- Power Pivot: It’s a data modeling tool that utilizes Data Analysis Expression(DAX) language to create complex data models. It is used to create measures with numerical computations and establish relationships between varied data sources.
- Power View: Power View allows the user to create stunning visualizations with drag-n-drop features. Power View is available for SQL Servers, Sharepoint, Excel, and Power BI.
- Power Maps: These are mainly used to create 3-D visualizations and represent geospatial data in the form of maps. Power maps get the information about the latitude, longitude, city, state, country, or address and create a detailed map, such as bubble, filled, heat, and shape map.
- Power Q&A: After deploying the data model on the Power BI website, Power Q&A can be used to answer your questions about the data. It works with Power View so that you can ask the queries and visualize the data based on various constraints. For example, the number of customers in a particular city, or sales in different countries as bubbles.
- Power BI Desktop: It’s free software that can be used by a single user to connect different data sources, perform data manipulation, and create reports. For a small business, Power BI Desktop is the best way to perform data analysis and use it to make better decisions.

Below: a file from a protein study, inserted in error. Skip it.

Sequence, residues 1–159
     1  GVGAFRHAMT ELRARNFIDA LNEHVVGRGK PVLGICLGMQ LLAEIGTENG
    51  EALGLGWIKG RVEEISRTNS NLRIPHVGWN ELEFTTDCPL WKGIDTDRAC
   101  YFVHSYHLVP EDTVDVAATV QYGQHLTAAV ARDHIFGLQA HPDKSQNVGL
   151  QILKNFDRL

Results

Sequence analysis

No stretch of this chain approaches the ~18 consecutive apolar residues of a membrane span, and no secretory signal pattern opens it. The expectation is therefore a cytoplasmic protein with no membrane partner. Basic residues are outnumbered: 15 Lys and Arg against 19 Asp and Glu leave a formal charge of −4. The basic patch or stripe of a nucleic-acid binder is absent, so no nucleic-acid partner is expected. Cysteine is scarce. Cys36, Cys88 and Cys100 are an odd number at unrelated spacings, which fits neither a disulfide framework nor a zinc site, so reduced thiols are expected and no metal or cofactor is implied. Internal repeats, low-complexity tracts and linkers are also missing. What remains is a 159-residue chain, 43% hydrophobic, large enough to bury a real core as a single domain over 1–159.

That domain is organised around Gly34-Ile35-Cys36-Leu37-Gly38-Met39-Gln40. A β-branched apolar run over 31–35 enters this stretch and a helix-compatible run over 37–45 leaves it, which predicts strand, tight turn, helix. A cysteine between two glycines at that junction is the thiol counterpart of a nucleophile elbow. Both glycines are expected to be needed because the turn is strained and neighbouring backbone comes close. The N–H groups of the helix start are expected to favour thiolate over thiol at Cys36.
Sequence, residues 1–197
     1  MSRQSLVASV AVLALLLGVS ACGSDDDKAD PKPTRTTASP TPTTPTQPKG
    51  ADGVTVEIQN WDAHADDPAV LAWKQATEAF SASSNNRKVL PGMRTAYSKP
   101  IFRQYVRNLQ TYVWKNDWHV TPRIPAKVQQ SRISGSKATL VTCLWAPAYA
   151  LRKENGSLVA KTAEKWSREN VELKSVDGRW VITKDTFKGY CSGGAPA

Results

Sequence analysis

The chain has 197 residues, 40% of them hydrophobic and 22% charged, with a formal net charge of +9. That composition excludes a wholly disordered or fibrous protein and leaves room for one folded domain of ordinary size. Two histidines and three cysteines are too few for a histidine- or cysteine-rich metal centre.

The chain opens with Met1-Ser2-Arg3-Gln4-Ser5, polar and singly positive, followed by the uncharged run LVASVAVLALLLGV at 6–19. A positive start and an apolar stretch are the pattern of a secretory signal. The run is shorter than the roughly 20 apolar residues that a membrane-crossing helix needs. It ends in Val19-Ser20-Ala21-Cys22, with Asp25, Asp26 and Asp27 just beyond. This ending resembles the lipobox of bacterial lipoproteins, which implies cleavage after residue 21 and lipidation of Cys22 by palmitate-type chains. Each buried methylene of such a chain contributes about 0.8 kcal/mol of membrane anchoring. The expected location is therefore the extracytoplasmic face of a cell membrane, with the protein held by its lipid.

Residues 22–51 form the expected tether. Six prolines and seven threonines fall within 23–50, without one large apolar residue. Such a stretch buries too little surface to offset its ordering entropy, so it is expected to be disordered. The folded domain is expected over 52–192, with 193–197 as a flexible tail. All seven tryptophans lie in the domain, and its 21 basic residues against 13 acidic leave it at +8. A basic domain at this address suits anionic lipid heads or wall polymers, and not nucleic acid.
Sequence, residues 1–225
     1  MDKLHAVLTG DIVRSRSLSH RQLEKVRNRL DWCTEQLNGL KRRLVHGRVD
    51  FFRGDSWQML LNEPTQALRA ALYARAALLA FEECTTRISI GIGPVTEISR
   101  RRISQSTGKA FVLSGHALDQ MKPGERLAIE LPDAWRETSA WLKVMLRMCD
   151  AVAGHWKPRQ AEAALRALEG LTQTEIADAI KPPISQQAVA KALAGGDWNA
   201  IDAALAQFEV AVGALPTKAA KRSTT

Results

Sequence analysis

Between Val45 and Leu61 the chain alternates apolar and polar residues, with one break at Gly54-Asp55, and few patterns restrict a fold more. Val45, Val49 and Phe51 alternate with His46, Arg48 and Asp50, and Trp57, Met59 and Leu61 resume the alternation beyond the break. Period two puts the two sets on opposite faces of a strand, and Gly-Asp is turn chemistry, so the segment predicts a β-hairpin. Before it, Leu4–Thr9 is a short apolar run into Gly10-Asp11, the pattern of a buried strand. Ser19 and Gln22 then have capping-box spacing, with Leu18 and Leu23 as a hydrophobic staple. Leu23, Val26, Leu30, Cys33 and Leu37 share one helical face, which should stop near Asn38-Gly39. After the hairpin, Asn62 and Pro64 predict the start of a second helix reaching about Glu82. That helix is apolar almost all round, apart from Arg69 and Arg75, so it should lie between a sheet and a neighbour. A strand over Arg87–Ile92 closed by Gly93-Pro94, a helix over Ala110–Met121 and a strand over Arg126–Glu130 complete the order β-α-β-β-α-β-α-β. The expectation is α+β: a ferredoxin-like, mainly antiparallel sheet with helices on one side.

- Power BI Website: Power BI website hosts your Power BI files and is used to publish the reports and dashboards on the servers. Also, the user can connect various data sources and create reports and dashboards online.
- Power BI Service: This component of Power BI enables the user to share the reports and dashboards on the cloud which can be accessed by other members of the enterprise. Power BI Service connects with other components and allows you to connect with the data from any location.
- Power BI Application: Power BI Apps provide a live view of the dashboards and reports published on the cloud. It helps the user to gain insights by executing queries in a natural language.